Intrinsic burst and rhythmic burst discharges (RBDs) are elicited by activation of T-type Ca2+ channels in the thalamic reticular nucleus (TRN). TRN bursts are believed to be critical for generation and maintenance of thalamocortical oscillations, leading to the spikeand- wave discharges (SWDs), which are the hallmarks of absence seizures. We observed that the RBDs were completely abolished, whereas tonic firing was significantly increased, in TRN neurons from mice in which the gene for the T-type Ca2+ channel, CaV3.3, was deleted (CaV3.3-/-). Contrary to expectations, there was an increased susceptibility to drug-induced SWDs both in CaV3.3-/- mice and in mice in which the CaV3.3 gene was silenced predominantly in the TRN. CaV3.3-/- mice also showed enhanced inhibitory synaptic drive onto TC neurons. Finally, a double knockout of both CaV3.3 and CaV3.2, which showed complete elimination of burst firing and RBDs in TRN neurons, also displayed enhanced drug-induced SWDs and absence seizures. On the other hand, tonic firing in the TRN was increased in these mice, suggesting that increased tonic firing in the TRN may be sufficient for druginduced SWD generation in the absence of burst firing. These results call into question the role of burst firing in TRN neurons in the genesis of SWDs, calling for a rethinking of the mechanism for absence seizure induction.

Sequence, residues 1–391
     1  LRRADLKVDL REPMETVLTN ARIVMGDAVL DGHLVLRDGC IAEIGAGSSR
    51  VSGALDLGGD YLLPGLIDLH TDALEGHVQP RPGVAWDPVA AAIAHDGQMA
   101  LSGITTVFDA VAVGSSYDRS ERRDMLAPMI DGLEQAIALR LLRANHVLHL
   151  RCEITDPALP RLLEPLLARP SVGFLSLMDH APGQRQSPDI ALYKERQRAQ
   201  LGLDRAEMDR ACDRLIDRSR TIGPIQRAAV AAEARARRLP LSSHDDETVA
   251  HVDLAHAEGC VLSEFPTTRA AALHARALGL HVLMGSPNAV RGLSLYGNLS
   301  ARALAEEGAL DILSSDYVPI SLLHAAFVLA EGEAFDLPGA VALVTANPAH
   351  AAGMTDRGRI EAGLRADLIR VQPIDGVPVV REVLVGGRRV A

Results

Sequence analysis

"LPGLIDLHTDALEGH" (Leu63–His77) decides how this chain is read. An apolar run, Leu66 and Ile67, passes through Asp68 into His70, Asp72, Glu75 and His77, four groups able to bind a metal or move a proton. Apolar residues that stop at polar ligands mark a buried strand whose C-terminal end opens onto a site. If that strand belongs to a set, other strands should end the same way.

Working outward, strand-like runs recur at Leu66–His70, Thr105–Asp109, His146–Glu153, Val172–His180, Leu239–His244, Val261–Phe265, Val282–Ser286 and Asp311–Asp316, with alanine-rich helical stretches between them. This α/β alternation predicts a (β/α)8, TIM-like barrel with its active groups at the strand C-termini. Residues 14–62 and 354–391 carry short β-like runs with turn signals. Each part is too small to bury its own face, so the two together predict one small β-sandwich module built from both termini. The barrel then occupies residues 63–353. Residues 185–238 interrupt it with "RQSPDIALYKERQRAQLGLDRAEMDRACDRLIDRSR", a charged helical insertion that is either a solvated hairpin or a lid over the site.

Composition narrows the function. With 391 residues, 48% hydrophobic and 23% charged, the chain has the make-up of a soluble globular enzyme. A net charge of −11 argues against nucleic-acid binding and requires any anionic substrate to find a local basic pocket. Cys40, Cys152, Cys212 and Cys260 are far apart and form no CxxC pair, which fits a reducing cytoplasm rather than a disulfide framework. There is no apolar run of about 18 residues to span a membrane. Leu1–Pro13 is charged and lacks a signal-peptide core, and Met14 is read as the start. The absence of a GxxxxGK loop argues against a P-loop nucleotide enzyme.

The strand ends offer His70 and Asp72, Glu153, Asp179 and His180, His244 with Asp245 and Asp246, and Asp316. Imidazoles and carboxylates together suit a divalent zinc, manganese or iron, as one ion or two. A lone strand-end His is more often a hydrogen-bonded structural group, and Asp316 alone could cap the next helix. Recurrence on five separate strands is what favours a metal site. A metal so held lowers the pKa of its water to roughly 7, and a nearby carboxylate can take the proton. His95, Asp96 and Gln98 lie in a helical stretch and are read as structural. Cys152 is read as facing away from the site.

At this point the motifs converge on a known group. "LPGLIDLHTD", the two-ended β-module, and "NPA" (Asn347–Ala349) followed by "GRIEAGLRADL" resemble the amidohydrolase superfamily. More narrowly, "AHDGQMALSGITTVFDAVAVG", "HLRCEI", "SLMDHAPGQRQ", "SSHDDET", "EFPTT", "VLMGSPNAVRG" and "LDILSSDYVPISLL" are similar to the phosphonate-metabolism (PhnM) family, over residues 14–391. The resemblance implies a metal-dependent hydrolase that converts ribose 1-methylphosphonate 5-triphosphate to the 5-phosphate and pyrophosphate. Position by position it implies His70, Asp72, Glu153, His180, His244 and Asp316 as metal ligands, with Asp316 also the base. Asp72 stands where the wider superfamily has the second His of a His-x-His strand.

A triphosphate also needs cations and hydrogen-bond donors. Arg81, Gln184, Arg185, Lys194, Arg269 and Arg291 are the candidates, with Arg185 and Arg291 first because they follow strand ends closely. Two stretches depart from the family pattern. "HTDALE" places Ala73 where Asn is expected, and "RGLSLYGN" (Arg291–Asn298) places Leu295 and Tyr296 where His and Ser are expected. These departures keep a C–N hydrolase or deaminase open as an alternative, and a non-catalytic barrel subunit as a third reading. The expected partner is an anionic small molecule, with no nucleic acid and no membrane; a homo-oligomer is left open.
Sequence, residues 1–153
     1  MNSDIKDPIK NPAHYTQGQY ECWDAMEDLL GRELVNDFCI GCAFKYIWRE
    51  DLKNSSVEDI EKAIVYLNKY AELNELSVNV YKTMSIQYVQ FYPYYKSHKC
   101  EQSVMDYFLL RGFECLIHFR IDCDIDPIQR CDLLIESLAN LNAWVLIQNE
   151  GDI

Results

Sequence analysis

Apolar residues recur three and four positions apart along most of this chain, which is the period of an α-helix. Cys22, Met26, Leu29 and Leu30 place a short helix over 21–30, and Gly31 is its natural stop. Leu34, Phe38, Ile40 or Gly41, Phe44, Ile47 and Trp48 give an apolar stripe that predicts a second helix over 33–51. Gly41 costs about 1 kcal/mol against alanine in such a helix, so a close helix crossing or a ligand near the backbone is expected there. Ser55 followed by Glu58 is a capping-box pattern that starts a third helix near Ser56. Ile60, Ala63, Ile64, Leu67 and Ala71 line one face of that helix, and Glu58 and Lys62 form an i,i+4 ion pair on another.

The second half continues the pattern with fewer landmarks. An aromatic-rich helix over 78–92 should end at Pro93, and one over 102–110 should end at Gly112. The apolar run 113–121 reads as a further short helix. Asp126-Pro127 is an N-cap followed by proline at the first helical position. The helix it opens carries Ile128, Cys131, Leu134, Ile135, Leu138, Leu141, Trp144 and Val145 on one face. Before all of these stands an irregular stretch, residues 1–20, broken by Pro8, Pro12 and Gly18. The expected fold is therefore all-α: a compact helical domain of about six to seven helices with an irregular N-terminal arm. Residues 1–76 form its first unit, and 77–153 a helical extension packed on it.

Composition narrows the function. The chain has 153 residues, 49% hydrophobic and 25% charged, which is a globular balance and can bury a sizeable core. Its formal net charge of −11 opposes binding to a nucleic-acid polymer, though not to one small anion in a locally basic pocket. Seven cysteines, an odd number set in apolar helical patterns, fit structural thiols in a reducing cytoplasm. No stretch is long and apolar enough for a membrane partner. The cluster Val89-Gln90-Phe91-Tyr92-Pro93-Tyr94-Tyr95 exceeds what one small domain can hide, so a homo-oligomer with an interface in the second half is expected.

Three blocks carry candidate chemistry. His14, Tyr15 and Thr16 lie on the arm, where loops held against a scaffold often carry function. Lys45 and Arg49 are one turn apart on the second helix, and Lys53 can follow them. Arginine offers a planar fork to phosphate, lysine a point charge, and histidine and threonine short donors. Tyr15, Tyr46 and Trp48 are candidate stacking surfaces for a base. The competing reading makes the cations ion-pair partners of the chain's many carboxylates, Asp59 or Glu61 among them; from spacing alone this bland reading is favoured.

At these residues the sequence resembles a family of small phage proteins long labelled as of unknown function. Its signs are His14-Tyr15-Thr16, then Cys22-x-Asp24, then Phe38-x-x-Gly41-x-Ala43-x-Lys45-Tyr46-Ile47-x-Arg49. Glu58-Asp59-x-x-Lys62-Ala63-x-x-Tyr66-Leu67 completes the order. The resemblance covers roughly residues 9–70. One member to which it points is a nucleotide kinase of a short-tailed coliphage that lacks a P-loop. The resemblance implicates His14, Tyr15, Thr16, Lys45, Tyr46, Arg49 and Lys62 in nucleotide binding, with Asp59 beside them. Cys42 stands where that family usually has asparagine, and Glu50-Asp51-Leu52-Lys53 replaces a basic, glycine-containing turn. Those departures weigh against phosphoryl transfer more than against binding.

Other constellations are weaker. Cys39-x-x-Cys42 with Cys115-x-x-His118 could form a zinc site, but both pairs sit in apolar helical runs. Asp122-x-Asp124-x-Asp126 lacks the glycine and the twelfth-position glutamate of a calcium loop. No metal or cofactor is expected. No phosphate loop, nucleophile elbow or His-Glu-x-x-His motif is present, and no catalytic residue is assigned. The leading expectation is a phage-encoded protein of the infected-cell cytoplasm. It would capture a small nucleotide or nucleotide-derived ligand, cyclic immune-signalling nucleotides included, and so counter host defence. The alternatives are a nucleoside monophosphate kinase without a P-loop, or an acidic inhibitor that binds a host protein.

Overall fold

|Number of pages||6|
|Journal||Proceedings of the National Academy of Sciences of the United States of America|
|Publication status||Published - 2014 Aug 12|
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